Doctor of Philosophy (PhD)
Electrical and Computer Engineering
Photo-enhanced chemical vapor deposition (CVD) technique is investigated here for low temperature deposition of carbon nanotubes (CNTs) and hexagonal diamond. Most current deposition methods require high substrate temperature. Photo-enhanced CVD utilizes light energy to dissociate carbon containing precursor molecules and hence has a potential for low temperature deposition. CCl4, having a high absorption coefficient compared to other commonly employed hydrocarbons in the UV emission spectrum from a Xe arc lamp, is selected as a carbon precursor in this work. Extensive experimentation conducted by varying Al/Ni/Al catalyst layer thicknesses on SiO2 coated Si substrates, substrate annealing temperature in the range 350 - 450 ¡ÆC for 25 min, and chamber pressure in the range 0.22 - 10 Torr in ammonia ambient, yielded suitable catalyst layers of thicknesses 3/2/3, 5/1/5 and 5/3/5 nm and annealing pressure of 10 Torr. For photo-enhanced CVD deposition, experiments are conducted with various Ar/CCl4 flow ratio in 1.5 - 19 range, total chamber pressure in 3 - 10 Torr range, and substrate temperatures in 350 - 450 ¡ÆC range. Optimal condition for CNT deposition in this work is found to be 30 min at 400 ¡ÆC at 5 Torr total pressure with Ar/CCl4 ratio of 9 with 5/1/5 nm thick catalyst annealed at 400 ¡ÆC. Raman spectroscopy indicates MWCNT growth and I-V measurements yield sheet resistivity of 22 k§Ù/sq. The densest hexagonal diamond deposition is obtained at 450 ¡ÆC, 3 hr deposition time, at 10 Torr with Ar/CCl4 ratio of 2.3 with 5/3/5 nm thick catalyst annealed at 450 ¡ÆC. Lesser dense hexagonal diamond platelets are obtained at 450 ¡ÆC, 3 hr deposition time, at 10 Torr with Ar/CCl4 ratio of 2.3 with 3/2/3 nm thick catalyst annealed at 450 ¡ÆC. Based on the physical structures observed at various stages of growth in SEM images, a model is proposed for nucleation and subsequent growth of hexagonal diamond platelets with graphene layer playing role both during nucleation and during platelet growth. Raman spectroscopy and XPS results confirm the deposition material to be hexagonal diamond. The grown material is characterized with UV-Vis spectroscopy for optical and with a nanoindenter for electrical and mechanical properties.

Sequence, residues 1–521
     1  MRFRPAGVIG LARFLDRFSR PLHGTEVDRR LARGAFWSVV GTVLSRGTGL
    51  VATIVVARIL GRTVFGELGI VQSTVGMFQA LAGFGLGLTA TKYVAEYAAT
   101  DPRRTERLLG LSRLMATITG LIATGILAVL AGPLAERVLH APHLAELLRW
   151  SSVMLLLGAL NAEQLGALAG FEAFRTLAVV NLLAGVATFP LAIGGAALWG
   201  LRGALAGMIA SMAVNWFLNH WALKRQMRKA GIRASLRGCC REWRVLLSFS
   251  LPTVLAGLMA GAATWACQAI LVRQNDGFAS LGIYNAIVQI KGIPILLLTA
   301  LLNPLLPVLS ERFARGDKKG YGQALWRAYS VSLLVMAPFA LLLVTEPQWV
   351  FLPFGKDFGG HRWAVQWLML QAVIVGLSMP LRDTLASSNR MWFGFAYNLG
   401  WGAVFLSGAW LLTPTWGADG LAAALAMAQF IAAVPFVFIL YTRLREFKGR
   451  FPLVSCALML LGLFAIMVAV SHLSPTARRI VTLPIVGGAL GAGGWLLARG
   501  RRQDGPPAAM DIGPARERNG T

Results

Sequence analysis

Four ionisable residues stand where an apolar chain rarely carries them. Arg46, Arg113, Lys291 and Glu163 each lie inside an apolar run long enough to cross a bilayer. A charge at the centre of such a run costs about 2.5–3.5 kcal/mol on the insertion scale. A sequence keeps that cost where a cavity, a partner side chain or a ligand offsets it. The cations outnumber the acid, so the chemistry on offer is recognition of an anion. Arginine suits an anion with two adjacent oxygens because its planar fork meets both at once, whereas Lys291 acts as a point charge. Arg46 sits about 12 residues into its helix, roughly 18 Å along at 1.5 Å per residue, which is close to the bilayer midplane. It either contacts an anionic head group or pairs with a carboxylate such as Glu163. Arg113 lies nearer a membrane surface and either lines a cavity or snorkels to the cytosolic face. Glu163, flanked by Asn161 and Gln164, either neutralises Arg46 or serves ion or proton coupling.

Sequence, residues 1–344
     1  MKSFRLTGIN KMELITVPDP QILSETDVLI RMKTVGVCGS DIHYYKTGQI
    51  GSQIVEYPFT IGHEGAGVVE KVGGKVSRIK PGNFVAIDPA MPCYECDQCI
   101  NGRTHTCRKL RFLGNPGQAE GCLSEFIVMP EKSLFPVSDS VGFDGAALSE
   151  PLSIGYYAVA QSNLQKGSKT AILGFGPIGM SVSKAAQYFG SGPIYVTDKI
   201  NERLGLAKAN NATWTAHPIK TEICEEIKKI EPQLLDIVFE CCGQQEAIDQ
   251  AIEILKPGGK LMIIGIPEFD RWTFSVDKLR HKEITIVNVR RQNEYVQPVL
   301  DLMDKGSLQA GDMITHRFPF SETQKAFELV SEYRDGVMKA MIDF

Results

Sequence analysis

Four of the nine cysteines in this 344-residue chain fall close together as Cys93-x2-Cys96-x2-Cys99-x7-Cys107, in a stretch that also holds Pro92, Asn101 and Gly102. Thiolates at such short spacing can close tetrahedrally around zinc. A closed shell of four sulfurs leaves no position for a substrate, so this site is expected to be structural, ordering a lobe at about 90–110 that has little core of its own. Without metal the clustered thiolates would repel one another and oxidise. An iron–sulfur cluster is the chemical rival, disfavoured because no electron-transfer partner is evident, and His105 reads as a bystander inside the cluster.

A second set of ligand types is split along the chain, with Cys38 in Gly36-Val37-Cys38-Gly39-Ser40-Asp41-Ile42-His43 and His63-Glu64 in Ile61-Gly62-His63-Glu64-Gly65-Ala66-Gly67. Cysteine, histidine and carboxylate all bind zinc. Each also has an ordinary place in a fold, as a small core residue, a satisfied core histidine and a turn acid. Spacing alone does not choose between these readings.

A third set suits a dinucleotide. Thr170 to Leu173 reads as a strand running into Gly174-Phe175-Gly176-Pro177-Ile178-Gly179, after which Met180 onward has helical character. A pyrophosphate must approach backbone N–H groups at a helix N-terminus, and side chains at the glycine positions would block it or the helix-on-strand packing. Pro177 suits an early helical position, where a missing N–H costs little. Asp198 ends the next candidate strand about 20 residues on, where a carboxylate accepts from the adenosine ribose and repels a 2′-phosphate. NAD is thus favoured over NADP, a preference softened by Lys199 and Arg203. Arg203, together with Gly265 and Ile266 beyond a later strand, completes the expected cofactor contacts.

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Kang, KyungNam, "Low temperature carbon material deposition with photo-enhanced chemical vapor deposition" (2012). LSU Doctoral Dissertations. 979.